While the Celtics were not very close to making it to the 2013 NBA Finals, they might be getting a piece of the San Antonio Spurs’ coaching staff. League sources told Baxter Holmes and the Boston Globe that Brett Brown, who has spent more than a decade in San Antonio, wants to be the Celtics’ next head coach:

“According to a report in the San Antonio Express-News, Spurs general manager R.C. Buford said Brown is still in line to replace the departed Mike Budenholzer as the Spurs’ lead assistant. Budenholzer left to become head coach of the Atlanta Hawks.”

Surprisingly, Brown does not seem to want to be the lead assistant for the defending Western Conference champion Spurs. He has been linked to the Philadelphia 76ers’ job as well.

“[I]t’s unclear how long Brown, whom the sources said has not been contacted by the Celtics, will be on the market. The Philadelphia 76ers are very interested in hiring Brown, who is considered one of the top candidates available, to fill their head coaching vacancy.

“As of Friday, the only NBA teams that hadn’t hired a coach were the Celtics and 76ers, and a league source pointed out that each team is likely looking at similar candidates.”

According to 76ers’ management, it was falsely reported that Brown was named their head coach on Friday. It will be fascinating to see what happens with the coaching searches for the two Atlantic Division teams. Jay Larranaga, who will coach Olynyk and the rest of the Celtics youngsters in the NBA’s 2013 summer league, is also a candidate for Boston’s coaching position.



According to Sportando.com, Luigi “Gigi” Datome will leave Virtus Roma this summer to play in the NBA. The two teams linked to the 25-year-old are the Celtics and Memphis Grizzlies:

“Datome was named Serie A Regular Season MVP and ended the year averaging 16.4 ppg, 4.3 rpg and 1.7 apg in 48 games.

“Virtus Roma General Manager Nicola Alberani, in an interview with La Gazzetta dello Sport, said “Datome is pursued by Celtics and Grizzlies with Boston as front runners to sign him.””

There is not much known about the Italian forward, but he could add to the frontcourt depth for the Celtics. He may not sign in time to play for the Celtics’ summer league team, but it will be intriguing to see him when he comes to the United States.

For more Celtics coverage and pertinent statistics, follow Celtics Hub and Stats Adam Lowenstein on Twitter: @CelticsHub and @StatsAdam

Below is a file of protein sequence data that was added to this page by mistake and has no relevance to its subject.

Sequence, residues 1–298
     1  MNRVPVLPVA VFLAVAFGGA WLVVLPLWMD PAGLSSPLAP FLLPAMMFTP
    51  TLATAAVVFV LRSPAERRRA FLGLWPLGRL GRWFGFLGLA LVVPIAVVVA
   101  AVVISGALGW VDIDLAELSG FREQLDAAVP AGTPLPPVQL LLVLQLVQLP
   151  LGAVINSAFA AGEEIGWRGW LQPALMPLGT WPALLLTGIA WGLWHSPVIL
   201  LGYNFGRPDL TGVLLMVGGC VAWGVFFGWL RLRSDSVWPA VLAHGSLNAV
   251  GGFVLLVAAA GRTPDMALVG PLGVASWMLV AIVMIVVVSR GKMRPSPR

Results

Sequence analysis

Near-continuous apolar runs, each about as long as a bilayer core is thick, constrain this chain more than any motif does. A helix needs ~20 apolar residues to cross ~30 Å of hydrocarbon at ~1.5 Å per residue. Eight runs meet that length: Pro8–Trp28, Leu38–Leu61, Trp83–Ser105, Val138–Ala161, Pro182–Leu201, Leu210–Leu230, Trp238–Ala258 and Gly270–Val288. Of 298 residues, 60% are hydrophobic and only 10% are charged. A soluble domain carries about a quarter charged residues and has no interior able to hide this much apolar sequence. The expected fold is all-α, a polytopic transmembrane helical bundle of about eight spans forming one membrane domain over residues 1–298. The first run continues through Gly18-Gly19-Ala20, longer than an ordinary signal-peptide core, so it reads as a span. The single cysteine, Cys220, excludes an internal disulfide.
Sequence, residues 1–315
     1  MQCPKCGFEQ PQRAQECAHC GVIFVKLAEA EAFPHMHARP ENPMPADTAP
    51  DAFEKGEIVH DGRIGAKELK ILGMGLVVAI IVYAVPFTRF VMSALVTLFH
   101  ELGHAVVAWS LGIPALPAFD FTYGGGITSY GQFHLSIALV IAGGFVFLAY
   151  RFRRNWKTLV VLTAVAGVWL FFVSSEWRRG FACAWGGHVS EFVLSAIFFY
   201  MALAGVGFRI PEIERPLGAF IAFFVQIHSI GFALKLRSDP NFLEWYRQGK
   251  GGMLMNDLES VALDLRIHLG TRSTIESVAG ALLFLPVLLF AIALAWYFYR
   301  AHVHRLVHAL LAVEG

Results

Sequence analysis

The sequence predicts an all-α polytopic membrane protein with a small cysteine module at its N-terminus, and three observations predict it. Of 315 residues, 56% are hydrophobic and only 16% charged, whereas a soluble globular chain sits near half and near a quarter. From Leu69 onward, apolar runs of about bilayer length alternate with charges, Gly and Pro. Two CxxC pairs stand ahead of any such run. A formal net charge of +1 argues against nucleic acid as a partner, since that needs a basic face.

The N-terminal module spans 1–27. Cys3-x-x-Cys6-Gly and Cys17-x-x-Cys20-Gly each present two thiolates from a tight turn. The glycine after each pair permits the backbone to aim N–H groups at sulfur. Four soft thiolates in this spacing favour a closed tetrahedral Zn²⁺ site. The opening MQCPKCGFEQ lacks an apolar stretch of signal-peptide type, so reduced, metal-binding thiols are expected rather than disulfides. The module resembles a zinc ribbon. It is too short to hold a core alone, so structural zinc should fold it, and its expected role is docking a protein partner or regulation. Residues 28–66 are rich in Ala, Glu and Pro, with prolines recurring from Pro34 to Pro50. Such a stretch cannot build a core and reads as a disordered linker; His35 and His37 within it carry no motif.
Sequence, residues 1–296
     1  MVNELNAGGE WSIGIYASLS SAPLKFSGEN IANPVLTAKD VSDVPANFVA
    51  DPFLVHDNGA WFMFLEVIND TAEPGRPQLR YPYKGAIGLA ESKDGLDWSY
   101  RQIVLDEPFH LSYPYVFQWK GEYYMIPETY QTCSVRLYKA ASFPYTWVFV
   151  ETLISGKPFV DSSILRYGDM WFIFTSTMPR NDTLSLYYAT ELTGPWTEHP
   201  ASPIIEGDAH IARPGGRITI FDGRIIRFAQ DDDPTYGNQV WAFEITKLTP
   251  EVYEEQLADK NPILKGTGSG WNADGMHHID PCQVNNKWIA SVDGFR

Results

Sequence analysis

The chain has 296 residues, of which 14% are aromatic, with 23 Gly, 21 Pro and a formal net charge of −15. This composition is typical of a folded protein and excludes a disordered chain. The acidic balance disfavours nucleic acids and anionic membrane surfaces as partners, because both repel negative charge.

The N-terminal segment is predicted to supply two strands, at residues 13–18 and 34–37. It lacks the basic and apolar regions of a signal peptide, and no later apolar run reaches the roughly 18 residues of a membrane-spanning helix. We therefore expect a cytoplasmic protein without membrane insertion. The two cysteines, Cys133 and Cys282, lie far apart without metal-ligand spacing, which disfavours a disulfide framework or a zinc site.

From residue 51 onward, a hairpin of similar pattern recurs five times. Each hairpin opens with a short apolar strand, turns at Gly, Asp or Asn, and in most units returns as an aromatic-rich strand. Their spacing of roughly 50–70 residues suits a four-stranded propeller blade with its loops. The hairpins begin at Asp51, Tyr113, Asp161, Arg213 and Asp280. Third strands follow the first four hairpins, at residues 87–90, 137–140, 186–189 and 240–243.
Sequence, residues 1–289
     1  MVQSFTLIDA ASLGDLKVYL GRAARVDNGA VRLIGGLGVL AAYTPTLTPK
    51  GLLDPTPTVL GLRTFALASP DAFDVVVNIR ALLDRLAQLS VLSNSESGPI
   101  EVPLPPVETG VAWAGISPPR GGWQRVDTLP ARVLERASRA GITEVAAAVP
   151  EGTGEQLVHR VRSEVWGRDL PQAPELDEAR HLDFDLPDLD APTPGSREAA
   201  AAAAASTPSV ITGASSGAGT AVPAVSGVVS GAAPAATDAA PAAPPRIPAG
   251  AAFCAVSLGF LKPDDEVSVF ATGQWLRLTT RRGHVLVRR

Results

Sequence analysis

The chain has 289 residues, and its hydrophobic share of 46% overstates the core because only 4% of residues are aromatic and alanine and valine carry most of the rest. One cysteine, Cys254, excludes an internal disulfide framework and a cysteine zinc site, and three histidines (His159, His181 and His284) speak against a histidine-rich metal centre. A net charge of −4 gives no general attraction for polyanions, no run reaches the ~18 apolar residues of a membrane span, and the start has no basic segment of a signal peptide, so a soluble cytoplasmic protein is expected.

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  • skeeds

    Olynyk falls into one of my "you either got it or you don't" categories, hence I like him. You see, there's a couple of things a player can either have, (and they will make him a valuable contributor) or he can never develop in the NBA, period.
    Top of that list is big man offensive moves. I dare anyone to name a center that came into this league not knowing how to play over both shoulders with his back to the basket and managed to develop that skill over time. None, no matter how gifted otherwise (hello Dwight). Things people usually search for in big guys, size, muscle, rebounding, are things any player can work and improve. Baby will always be undersized,but he learned how to use his body to compensate. If there's one thing any NBA player can do, (and most do) is bulk up and improve his athleticism. I would always pick up a C with a well rounded offensive game, over any "shot blocker", "rebounding specialist" or whatever slang we use for "can't do anything else".

  • hax

    All the things being said against Olynyk are things people said about Dirk. And scouts like Olynyk more now than they liked Dirk back then. I'm not saying he is Dirk. But he could be a very useful player.

  • swissflix

    One thing i noticed watching Olynyk in one of those youtube videos were his quick feet. He also moves well without the ball.

  • bob

    he is good keep him

  • Jay

    First time reading you, was linked from another site, but really well written and interesting, well done.

  • Phil